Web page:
Image obtained from Flickr.com under Creative Commons (c) Nicholas Boos
For a quirky trip back in time with fine coffee and pastries, head over to Sturekatten in Östermalm. And make sure you try a semlor (buns with almond paste and whipped cream) while you’re there.
Sturekatten, Riddargatan 4. T-bana to Östermalmstorg. Opening hours vary but are closing time is no later than 1900 – come during the day
Looking for an unusual Swedish souvenir? What about a polka-pig? Rather than being a dancing farm animal (even Google Translate knows that) this is the name the Swedes use for a candy cane. If you pay a visit to the relatively new Polkapojkarna store and its on-site sweet factory in Gamla Stan (old town) you can see how “polkagris” candy canes are made. What’s more, the polkagris is still made according to the company’s original recipes from 1859 – by hand. A huge range of (often rather bizarre) flavours are available but the classic Swedish polkagris is made of twisted red and white sugary ribbons and a peppermint taste.
Image obtained from Flickr.com under Creative Commons (c) HamburgCam
If you were wondering about the pig thing, here’s the story. Polkagris is indeed a combination of two swedish words; “polka” (the dance) which was used due to its ‘swirling’ style, and “gris” which does mean pig. But in Swedish it’s also used in a light-hearted manner to describe a person who loves candy. Like Sturekatten, walking into this store is like a trip back to simpler times with its old-fashioned displays and decor.
The store in Stockholm is the first one outside of Gränna, the birthplace of the polkagris. This town of just 2,500 residents receives over a million visitors each year primarily due to its 150 year polkagris history, but you can save yourself a journey by calling into Lilla Nygatan 10 while you’re in Stockholm.
Image obtained from Flickr.com under Creative Commons (c) Truus, Bob & Jan of Holland
Fancy a swim while in Stockholm? Unless your hotel has a pool (in which case it’s probably the size of a postage stamp) or it’s the height of summer (in which case you can jump in the fjord as the water is so clean) you may be thinking that there’s no reason to pack your trunks. Centralbadet is the reason. Designed by architect Willhelm Klemming to fulfil his vision of an open window on nature Centralbadet opened in 1904. It’s hard to avoid using the cliche “an oasis of calm” so I won’t even bother trying, because that’s what it is. This art nouveau spa is located in central Stockholm in a quiet garden just metres from bustling Drottningatan.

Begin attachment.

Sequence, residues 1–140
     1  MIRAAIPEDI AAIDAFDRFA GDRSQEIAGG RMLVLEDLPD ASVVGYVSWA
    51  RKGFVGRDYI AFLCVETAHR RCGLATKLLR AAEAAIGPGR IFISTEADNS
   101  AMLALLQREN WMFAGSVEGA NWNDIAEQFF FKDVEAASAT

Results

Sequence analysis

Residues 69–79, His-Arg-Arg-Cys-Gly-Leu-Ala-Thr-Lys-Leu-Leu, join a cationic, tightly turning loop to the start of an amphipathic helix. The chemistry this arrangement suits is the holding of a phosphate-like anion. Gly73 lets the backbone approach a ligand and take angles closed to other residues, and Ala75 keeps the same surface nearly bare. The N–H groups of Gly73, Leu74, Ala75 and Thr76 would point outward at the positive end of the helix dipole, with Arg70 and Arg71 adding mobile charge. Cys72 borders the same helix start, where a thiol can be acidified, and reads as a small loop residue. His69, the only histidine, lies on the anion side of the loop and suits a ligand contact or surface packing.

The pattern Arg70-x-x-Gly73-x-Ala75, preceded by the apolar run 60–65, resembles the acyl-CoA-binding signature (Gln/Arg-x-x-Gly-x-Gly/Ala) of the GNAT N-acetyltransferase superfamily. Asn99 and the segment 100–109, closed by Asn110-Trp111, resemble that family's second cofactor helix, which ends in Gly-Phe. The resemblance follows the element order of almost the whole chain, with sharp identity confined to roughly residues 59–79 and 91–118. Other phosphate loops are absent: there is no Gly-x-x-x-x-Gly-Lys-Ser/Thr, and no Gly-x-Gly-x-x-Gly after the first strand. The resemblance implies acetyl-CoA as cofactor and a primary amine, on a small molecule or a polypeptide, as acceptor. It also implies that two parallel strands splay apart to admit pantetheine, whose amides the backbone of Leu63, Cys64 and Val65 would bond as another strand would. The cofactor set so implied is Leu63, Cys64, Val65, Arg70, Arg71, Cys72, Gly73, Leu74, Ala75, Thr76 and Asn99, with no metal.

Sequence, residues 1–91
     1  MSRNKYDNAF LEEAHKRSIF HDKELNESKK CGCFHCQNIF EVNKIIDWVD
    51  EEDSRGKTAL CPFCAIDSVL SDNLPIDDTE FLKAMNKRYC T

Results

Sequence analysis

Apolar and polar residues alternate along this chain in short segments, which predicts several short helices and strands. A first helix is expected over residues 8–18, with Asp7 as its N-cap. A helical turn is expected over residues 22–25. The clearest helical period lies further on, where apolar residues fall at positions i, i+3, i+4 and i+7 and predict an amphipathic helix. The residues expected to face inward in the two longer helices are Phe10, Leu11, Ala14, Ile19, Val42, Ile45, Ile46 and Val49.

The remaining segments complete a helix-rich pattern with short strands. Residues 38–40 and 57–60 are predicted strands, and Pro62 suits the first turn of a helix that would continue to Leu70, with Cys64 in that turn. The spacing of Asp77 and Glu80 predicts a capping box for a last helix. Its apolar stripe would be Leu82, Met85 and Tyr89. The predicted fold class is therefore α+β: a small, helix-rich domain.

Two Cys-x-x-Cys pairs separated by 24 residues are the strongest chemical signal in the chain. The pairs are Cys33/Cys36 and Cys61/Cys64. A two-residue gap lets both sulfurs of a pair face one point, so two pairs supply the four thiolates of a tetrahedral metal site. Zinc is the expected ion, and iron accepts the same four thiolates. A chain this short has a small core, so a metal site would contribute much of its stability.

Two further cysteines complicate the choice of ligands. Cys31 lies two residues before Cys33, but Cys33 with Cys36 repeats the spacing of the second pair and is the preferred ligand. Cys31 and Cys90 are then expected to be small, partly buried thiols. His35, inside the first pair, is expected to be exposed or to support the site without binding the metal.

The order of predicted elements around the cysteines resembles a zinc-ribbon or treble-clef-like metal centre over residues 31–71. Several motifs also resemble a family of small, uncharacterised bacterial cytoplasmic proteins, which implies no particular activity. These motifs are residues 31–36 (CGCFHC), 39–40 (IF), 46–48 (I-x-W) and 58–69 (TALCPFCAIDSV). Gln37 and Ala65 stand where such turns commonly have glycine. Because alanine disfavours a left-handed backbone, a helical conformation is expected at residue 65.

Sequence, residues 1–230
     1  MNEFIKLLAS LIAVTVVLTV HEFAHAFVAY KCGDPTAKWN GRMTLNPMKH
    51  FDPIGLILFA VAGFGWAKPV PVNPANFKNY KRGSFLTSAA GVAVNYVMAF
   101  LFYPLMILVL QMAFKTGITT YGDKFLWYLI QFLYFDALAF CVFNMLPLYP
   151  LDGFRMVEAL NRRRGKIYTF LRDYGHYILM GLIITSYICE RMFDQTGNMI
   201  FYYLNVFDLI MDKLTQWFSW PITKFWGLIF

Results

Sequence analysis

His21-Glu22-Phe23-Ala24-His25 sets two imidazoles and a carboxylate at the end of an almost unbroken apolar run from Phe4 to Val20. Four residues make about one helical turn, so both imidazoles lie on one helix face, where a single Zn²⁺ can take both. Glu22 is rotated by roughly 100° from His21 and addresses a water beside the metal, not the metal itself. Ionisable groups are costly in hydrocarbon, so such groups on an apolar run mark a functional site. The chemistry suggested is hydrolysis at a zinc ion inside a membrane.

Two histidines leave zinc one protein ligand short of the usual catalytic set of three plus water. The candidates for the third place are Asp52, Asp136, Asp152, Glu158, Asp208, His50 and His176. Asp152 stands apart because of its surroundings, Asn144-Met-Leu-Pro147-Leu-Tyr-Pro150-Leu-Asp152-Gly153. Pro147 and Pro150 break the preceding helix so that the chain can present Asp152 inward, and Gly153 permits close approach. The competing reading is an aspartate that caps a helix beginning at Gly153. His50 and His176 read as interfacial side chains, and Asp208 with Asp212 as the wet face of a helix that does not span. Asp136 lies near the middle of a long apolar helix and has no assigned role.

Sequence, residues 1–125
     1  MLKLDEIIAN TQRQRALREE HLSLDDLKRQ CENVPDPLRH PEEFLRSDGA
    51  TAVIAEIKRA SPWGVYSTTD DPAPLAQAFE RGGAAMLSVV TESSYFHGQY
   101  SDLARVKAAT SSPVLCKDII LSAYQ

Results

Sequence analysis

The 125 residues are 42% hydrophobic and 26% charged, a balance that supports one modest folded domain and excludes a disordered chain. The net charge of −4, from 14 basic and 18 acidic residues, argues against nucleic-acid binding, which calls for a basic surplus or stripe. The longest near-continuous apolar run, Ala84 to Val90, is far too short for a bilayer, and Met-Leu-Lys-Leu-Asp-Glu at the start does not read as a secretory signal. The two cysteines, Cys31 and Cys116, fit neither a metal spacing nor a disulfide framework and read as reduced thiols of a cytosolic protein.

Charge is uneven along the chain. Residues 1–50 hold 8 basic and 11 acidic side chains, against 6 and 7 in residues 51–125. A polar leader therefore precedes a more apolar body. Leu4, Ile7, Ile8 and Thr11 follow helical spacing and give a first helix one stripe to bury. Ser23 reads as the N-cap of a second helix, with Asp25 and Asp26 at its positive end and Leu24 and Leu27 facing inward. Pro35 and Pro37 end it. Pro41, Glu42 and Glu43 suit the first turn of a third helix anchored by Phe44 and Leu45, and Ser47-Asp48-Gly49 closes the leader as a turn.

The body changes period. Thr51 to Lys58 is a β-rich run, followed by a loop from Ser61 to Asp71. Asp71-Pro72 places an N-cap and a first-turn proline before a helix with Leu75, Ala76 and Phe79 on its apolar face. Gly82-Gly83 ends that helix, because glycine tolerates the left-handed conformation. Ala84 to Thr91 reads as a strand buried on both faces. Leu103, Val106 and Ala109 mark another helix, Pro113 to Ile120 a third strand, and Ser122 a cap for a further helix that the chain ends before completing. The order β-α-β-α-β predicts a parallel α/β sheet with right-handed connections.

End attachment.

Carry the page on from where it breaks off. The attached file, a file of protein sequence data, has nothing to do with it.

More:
Image obtained from Flickr.com under Creative Commons (c) Esther Dyson
Centralbadet is some 3,000 square metre in size and contains a swimming pool, gym, bar, restaurant,sun roof and the relaxation baths. It’s a great place to revitalise and highly recommended – being Sweden it’s not cheap but how often do you get the chance to take a dip in a place like this?
Image obtained from Flickr.com under Creative Commons (c) Jurriaan Persyn
You can hire towels and robes if you so desire, and a towel is required for the sauna. Note that children are not permitted – those 16 to 18 must be accompanied by an adult. Centralbadet has long opening hours so you should be able to fit in a visit during your stay. You definitely should.
Centralbadet, Drottningangatan 88. T-bana Hötorget. Open daily – see website for details
If you want to see the results of a well-considered ‘fair trade’ project – and perhaps buy a gift for a child (or the young-at-heart), take a look at Kalikå in Gamla Stan. Kalikå’s colourful soft toys and dolls are hand made by parents of children with functional disabilities in Russia. The “Fair Play” project allows mothers to stay home to care for their children but also support themselves. This provides an alternative to having to place the child in an orphanage. Despite changes in the country old attitudes linger from the Soviet days – especially the stigma attached to disabled children. The independent Early Intervention Institute in Saint Petersburg provides specialized training for staff as well as providing help for the children and their families. Kalikå began a joint venture with the Institute in the 1990s and today 60 women are sewing Kalikå toys in their homes.
They meet regularly at the Institute to exchange their experiences of being parents with disabled children as they deliver their finished work and collect more materials. The profits generated are shared with the Institute and are used to increase support for functionally disabled children. Unlike many companies who are more concerned about cheap labour in other countries than poor working conditions, Kalikå ships Swedish made pre-cut materials and components to Saint Petersburg for the mothers to sew the toys. By establishing production in Russia it can comply with all the basic concepts for fair trade.
As well as its Russian-produced items Kalikå stocks a whole range of educational and traditional toys and games and is a good place to find something to take home that will be far more well-received than that “My Dad went to Stockholm and all I got was this lousy…” t-shirt you may have been considering…
Kalikå, Österlånggatan 18, Gamla Stan. T-bana Gamla Stan